As the year draws to a close, despite the challenges there is much to celebrate in the West where there is ‘More To Life’. This brief overview of the work of the WDC in 2021 highlights a TV programme on Moving West, the development of ideas and investment in companies tackling some of society’s biggest challenges, lending to communities across the west and incisive policy analysis during a year of significant change and disruption.
The ongoing shift to working remotely meant that, again this year, much of our work in that area was fast-tracked. The findings of the second National Remote Work Survey, published in May showed that a remarkable 95% of those surveyed were in favour of working remotely. This year also saw the launch of the National Hubs Network – connectedhubs.ie. This nationwide network of connected, digital, enterprise, scaling and community hubs grew out of the Atlantic Economic Corridor Hubs Network.
There are now more than 170 hubs on the connectedhubs.ie platform and this is expected to grow in the early stages of 2022. Our connected hubs team are working with hub managers across the country to build relationships with public and private partnerships to take the project to the next phase in 2022. The connectedhubs.ie network is a key part of Our Rural Future strategy launched by the Minister for Rural and Community Development Heather Humphreys. Under the strategy the Minister has already launched an initial €5m connectedhubs.ie fund followed €8.8m to help develop hubs around the country.
This network of rural, regional and urban hubs is located across the country as shown on this map:
Establishing the connectedhubs.ie network and platform is the first step, but the most exiting aspect of this project is the scope for innovation that follows. An example is the award-winning Clare Island EHealth initiative in association with the community on the County Mayo island, with CISCO, the HSE, NUI Galway, the Department of Community and Rural Development and Mayo County Council. This is an example of one of a number of similar initiatives along the Atlantic coast which will be launched throughout 2022.
This year the WDC Investment Fund approved more than €9m in investment and lending into the western region. This reflects the impact of the fund over its twenty-year lifetime in generating a pipeline of investment in the region, bringing bold ideas to life. Highlights during 2021 include investments in Atlantic Therapeutics, Sligo based Nektar Technologies, the acquisition in May of Roscommon based Fincovi, and investments in Galway based companies Locker, Tympany Medical and Palliare among others. In November Donegal based Content Llama, Ireland’s leading content configuration technology (CCT) platform raised €2.5m with the WDC among its investors.
The WDC welcomed the publication of the Government’s ‘Our Rural Future Strategy’. This reflected the opportunities and challenges of rural life, reflected in policy work in areas such as the National Development Plan, economic indicators and the impact of the pandemic and rural mobility as part of the broader transition to a low carbon economy. This year also saw the publication of a report on renewables and grid infrastructure and the development of a ‘Region of Innovation’. This builds on the acknowledged potential of the National Hubs Network as sources of economic activity and innovation reflected in the visit of An Tánaiste and Minister for Enterprise, Trade and Employment Leo Varadkar in a visit to the Ballinasloe Enterprise Centre in July as part of the ‘Making Remote Work’ campaign.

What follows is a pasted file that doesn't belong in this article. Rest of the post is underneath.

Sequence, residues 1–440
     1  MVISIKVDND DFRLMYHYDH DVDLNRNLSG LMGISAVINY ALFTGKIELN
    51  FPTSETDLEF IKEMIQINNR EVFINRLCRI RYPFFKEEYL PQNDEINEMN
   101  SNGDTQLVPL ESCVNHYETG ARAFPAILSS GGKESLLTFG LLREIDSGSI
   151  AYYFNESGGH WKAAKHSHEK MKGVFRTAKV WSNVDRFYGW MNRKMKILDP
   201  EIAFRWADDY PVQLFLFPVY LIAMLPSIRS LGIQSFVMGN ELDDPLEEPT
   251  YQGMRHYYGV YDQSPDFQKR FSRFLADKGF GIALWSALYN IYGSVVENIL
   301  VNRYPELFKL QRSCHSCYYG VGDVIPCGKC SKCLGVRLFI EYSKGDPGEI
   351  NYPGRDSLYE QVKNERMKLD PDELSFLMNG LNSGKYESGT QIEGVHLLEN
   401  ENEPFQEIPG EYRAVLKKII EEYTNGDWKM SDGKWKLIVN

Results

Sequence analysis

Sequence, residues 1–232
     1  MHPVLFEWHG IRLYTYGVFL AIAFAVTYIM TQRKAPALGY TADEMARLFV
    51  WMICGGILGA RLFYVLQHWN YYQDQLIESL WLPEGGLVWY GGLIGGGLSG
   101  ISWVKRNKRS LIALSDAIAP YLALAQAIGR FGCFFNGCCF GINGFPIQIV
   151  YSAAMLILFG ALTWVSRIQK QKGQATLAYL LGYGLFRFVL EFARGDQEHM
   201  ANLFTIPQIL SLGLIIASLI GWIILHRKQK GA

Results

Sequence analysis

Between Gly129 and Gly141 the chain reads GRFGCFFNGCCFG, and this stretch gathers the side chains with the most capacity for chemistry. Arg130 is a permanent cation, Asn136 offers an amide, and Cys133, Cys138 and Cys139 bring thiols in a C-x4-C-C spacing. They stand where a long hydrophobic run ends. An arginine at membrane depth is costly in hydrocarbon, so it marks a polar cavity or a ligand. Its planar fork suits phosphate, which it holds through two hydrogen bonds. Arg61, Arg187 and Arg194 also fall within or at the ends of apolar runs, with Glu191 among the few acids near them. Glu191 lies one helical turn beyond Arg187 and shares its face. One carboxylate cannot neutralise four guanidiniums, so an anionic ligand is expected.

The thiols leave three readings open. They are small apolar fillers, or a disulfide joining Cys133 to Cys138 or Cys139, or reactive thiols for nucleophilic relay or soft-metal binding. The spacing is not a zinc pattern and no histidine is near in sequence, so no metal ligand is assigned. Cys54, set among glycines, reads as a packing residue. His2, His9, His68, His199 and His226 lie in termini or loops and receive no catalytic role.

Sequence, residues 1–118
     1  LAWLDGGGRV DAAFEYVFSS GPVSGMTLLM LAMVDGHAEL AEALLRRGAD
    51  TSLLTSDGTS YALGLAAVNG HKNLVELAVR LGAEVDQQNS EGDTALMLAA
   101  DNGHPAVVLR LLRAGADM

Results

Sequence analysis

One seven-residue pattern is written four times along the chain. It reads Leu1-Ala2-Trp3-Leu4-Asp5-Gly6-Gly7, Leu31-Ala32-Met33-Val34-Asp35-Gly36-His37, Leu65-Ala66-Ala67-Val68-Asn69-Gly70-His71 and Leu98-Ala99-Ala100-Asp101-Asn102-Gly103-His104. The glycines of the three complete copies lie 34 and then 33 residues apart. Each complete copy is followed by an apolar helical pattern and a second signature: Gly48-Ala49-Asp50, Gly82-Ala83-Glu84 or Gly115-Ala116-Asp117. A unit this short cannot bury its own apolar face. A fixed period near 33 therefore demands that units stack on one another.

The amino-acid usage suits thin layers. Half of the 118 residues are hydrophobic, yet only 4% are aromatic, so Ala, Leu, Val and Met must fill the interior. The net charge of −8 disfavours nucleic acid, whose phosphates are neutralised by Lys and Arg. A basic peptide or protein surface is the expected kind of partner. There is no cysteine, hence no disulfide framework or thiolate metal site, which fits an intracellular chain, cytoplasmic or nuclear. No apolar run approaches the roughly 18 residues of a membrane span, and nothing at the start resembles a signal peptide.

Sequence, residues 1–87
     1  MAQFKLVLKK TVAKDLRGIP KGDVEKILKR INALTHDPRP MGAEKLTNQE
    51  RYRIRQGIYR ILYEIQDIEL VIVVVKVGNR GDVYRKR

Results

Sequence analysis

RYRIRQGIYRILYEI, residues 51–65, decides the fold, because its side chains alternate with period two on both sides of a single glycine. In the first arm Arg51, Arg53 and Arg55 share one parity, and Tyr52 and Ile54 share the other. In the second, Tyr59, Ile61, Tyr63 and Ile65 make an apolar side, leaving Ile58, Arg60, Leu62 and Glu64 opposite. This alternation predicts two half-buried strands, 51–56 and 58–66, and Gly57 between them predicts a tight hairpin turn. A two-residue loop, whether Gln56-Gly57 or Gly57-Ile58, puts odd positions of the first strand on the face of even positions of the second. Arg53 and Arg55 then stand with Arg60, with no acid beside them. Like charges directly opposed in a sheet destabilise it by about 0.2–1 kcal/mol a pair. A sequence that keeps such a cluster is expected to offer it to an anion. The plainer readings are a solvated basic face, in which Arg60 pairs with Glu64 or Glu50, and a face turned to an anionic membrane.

Scaling ideas remains a focus within the region, and INTERREG bridge funding was allocated to further develop existing projects in areas such as literary tourism, online mentoring and the use of renewables. Among these projects, literary tourism project SPOT-LIT was highlighted at the annual NPA conference in Sligo. We are working in partnership with Enterprise Ireland and other funders and agencies across the region in the Creative Economy project, GrowRemote a social enterprise seeking to build sustainable communities through remote working and the Future Mobility Campus Ireland, a testbed for autonomous vehicles on land, sea and air in Shannon, Co. Clare which hosted the Electronomous international conference in November.
As we close the year, we have launched the ‘No Place Like Home’ campaign to encourage those that come home or come to visit, to stay in the west. This builds on the launch earlier this year of westernjobs.ie to allow people to signal their intent to take up a role in the west, and to allow employers to highlight the many roles at all levels, in all sectors that are currently available. A snapshot of the life that awaits those that move was captured on TG4 earlier this year with the broadcast of ‘Moving West’, a six-part series telling the stories of those that have made the move to Mayo, Clare, Galway, Kerry, Leitrim and Sligo.
This is a summary of the work of the team across the WDC during 2021. This work would not be possible without the support of our colleagues in the Department of Rural and Community Development and other key stakeholders in the public and private sector at local, regional, national and EU level. Our public representatives continue to inform this work through their constant contact with the needs and ambition of communities, and we look forward to working with all through 2022 and beyond.
Is cúis mhór bród domsa, mar phríomhfheidhmeannach, obair fhoireann Choimisiún Forbartha an Iarthair. Guím Nollaig Shona oraibh ar fad agus gach rath oraibh do 2022.
Tomás Ó Síocháin,
CEO, Western Development Commission